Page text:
I followed the link and saw a name I recognize. Vitor Silva is pretty local, has a gorgeous Lusitano farm, and does a lot of demos. Trainer A has ridden with him a couple of times and likes him. He's a softer touch, more interested in a cooperative, supple horse. He's not a competition focused trainer. He works with baroque horses, so smaller strides than the warmbloods and short backed. He specializes in lateral work and in hand work. Well, gee, that sounds like someone I would enjoy as a clinician. I went to check for audit price and saw that there were a few last minute spots available.
A quick couple of messages and we have a one hour private on Sunday afternoon. Yay? Impulse control issues. I haz them.
The view after our early morning lesson and road hack, 68* today!
But I'm excited! This will be a very different view and it's a great time for it. Theo has broken through the wall of 'neck braced or death!', but the connection isn't consistent yet and we have a lot of suppleness work to do. Yes, he can flex in both directions now which is a huge achievement, but today's lesson with Trainer A really highlighted how much more we have to do.
My left lead canter is a bit broken. I know, it has been for awhile, but while it's getting better it's also becoming more noticeable as we up the difficulty again. He now does not canter and turn left unless I let him shove his nose out and use the underside of his neck. Keeping him on a contact and balanced on both sides is forcing him to use his topline and build up all new muscles. Papi is not a fan of building up new muscles. I refuse to go back to a heavy connection, so the battle is on. He would really rather not give to the left and thinks that my left leg is purely decorative.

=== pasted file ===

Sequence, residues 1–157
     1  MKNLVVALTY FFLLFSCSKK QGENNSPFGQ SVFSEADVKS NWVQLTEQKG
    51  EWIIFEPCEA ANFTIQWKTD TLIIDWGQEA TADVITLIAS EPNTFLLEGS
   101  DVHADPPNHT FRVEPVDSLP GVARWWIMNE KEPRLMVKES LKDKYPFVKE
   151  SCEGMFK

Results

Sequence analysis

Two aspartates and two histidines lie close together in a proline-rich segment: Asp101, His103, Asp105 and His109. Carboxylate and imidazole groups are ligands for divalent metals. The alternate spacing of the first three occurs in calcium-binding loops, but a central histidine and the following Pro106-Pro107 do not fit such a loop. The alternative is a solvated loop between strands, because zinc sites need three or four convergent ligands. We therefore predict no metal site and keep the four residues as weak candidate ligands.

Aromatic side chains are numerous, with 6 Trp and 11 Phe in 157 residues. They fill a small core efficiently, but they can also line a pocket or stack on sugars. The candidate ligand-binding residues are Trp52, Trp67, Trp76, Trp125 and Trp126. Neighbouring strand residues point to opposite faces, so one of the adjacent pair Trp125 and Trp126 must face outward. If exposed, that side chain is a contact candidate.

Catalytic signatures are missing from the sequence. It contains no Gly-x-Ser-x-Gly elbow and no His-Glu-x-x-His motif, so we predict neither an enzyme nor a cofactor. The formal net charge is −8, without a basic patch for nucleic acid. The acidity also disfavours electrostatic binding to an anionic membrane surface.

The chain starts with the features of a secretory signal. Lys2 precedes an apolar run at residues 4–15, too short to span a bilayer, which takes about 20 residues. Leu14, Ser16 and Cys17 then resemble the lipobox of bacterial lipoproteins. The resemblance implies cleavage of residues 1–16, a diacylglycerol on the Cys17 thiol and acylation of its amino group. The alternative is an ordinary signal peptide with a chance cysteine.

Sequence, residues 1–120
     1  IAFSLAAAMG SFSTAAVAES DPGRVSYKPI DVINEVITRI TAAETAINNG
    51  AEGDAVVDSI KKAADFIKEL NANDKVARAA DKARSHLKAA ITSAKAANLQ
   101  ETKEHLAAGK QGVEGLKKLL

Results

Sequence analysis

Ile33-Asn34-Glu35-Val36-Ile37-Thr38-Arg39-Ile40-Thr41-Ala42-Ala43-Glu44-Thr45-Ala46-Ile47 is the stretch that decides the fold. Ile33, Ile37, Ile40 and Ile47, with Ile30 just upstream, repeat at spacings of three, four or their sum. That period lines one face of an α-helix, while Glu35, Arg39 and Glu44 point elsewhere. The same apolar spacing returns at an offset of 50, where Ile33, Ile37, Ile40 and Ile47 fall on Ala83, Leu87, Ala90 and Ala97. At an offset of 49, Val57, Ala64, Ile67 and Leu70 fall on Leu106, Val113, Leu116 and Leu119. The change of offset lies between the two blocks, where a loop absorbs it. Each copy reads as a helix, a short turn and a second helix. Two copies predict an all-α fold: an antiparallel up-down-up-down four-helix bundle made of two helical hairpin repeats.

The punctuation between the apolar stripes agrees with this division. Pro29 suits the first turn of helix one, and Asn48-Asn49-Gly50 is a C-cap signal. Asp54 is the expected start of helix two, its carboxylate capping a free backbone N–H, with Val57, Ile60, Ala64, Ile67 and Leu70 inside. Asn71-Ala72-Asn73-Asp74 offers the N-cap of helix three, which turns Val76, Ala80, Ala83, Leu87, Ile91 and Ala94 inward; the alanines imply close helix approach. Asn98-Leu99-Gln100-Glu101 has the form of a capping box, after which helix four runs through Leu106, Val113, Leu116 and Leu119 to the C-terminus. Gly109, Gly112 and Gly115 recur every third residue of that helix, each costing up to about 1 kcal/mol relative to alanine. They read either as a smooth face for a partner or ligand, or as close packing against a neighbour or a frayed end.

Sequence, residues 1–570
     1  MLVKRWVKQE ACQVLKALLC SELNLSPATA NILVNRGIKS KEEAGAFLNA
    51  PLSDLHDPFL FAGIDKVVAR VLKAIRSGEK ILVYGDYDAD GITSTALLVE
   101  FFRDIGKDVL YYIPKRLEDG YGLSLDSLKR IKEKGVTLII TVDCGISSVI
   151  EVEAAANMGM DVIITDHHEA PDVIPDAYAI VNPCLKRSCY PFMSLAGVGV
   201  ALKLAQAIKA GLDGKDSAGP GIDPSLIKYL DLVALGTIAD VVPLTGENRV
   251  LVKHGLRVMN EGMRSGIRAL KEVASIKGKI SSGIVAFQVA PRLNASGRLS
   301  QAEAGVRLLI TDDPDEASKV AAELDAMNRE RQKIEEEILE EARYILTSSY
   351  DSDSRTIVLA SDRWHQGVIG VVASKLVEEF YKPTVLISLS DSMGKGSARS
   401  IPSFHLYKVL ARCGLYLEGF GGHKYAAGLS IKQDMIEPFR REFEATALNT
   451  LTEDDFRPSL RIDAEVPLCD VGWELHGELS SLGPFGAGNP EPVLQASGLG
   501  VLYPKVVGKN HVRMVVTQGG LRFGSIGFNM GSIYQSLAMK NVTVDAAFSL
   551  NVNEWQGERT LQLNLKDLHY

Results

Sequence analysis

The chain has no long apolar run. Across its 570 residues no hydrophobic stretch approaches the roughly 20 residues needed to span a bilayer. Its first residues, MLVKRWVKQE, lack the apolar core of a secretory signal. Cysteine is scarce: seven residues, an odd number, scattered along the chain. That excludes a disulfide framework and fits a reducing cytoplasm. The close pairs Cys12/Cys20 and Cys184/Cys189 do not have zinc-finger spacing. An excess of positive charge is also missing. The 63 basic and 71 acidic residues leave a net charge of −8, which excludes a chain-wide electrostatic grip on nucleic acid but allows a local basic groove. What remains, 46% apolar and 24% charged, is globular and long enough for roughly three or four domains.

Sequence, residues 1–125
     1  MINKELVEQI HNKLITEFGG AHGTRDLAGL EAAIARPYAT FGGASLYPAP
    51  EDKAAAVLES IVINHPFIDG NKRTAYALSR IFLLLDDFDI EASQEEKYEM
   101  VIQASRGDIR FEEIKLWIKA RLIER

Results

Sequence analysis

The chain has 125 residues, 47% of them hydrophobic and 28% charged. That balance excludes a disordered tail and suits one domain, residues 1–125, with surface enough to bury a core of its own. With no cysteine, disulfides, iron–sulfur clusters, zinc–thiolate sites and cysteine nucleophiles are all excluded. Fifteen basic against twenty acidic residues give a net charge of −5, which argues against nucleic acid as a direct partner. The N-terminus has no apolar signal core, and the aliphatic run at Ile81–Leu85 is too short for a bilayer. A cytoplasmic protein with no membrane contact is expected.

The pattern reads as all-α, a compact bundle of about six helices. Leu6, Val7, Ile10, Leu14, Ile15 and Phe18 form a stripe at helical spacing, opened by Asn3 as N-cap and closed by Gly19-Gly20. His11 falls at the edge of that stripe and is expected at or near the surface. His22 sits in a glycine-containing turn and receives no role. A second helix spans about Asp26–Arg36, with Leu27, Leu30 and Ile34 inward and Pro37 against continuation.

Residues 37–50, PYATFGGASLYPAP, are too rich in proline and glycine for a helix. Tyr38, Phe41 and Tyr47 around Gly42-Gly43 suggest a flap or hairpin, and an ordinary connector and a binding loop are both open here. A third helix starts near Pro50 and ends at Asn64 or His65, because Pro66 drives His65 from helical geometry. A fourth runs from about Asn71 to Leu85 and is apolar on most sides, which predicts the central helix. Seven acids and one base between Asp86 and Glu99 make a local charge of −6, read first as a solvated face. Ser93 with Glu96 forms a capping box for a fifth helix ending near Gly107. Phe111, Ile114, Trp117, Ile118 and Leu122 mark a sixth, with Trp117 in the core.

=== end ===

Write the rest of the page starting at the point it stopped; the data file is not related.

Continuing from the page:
We did side passe, 10m circles, and leg yield today to unlock the rib cage and shoulder where he doesn't want to stretch through. It's quite a juggling act to keep all of his evasions in check. Throw a shoulder, go haunches first, invert, suck back. He's a smart, creative horse. But it's getting better. We had a couple of leg yields that were actually upright, not him laying on his shoulder and crossing as quickly as possible to get it over with. And I'm getting a much bigger, stretcher trot these days!
Theo will always be an evasive horse because he's damn smart and if I don't know the difference, he'll do it the easy way. But we've completely turned the corner in terms of his submission to the aids. I put my leg on, he reacts. I close my fingers, he reacts. It's not consistent or always honest, but it's there. Now we can move on to submission to the bend.
Tomorrow I clean tack and pack the trailer. Oh, and try to make my November horse look somewhat fit to be seen in public. Sunday I haul out and let a completely different voice check my work and (hopefully) give me some guidance on how best to keep progressing with making him more light and supple.
Maybe I'm not ready to give up on my plan to move up to Second after all. And maybe Theo isn't so adverse to the idea. Maybe we need to just keep doing things at our own pace and in our own way. Because right now? He's a fun, neat horse to ride.